During the regular school year, those students were failing more than a third of their classes and received A’s, B’s or C’s in just 40 percent of their classes, according to the district. But during the summer, those students received F grades in only 2 percent of their classes and received A’s, B’s and C’s in 80 percent of their classes.
When asked why there was such a change in results, DeWitt said it’s because last summer was the first time summer classes were changed to comply with the district’s new grading approach, which seeks to eliminate non-academic factors from grading, such as whether a student completes homework or other busy work.
“We’re not so much focused on the breadth but the depth,” DeWitt said.
San Diego Unified plans to offer this modified summer school program once more this year, again paid for with pandemic funds. In addition, the district says it will use about $13 million in state grants to offer more credit recovery, identify students earlier on for credit recovery, track students’ progress to graduation, and provide tutoring, mentoring and internship programs.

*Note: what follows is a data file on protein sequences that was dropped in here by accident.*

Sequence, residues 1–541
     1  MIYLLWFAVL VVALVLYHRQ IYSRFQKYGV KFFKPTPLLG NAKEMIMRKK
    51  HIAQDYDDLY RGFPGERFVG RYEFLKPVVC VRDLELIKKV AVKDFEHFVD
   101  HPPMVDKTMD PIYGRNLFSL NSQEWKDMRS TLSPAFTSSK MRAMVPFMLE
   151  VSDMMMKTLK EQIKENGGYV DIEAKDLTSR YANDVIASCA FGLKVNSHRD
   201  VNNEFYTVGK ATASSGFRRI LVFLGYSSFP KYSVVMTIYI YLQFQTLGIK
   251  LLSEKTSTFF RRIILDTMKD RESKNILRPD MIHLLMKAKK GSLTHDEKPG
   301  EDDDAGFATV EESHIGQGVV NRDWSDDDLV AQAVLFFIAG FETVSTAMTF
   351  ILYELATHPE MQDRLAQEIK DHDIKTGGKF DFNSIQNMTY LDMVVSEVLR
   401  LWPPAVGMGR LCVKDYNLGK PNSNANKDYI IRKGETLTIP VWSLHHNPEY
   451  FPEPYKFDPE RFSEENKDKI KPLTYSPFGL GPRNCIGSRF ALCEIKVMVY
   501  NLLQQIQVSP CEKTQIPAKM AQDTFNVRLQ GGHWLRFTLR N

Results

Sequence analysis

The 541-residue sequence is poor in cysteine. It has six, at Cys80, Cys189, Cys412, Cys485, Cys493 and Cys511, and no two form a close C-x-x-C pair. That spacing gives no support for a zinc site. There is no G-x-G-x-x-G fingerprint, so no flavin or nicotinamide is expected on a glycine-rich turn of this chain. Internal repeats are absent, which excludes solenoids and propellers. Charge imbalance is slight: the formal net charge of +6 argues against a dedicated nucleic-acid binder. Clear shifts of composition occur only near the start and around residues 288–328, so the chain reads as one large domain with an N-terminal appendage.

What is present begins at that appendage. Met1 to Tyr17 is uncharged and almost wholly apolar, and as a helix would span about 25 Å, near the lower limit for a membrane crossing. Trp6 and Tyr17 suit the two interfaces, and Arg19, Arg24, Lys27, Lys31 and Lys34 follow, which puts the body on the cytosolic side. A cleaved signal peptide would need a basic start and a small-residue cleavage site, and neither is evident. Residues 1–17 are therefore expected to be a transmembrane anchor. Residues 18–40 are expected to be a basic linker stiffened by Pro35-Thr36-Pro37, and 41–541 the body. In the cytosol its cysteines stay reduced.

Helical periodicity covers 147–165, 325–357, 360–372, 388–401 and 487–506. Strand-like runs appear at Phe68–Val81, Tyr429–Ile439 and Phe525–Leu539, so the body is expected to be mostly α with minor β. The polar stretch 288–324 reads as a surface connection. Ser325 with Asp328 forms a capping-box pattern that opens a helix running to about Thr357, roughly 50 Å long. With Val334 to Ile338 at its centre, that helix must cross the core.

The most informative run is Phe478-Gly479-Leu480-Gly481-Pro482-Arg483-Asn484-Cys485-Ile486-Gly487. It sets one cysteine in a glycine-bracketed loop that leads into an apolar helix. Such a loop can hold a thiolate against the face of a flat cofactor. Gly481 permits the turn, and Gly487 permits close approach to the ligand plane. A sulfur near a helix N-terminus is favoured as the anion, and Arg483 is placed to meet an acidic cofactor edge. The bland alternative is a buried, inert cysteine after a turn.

While the overall graduation rate is expected to be high, some students were left far behind.
Students who are learning English and students with disabilities still averaged 71 percent graduation rates, 24 percentage points below the district average.
San Diego Unified also recently released data that shows student grade trends appear to be returning to pre-pandemic levels, after a surge of D and F grades last year when schools spent most of the year in remote learning.
In fall 2020, about 22 percent of all grades given to high school students were D’s or F’s. That fell to 17 percent in fall 2021, which is closer to the 15 percent average during the semester just before the pandemic hit.
DISTRICT DEEDS SYNOPSIS: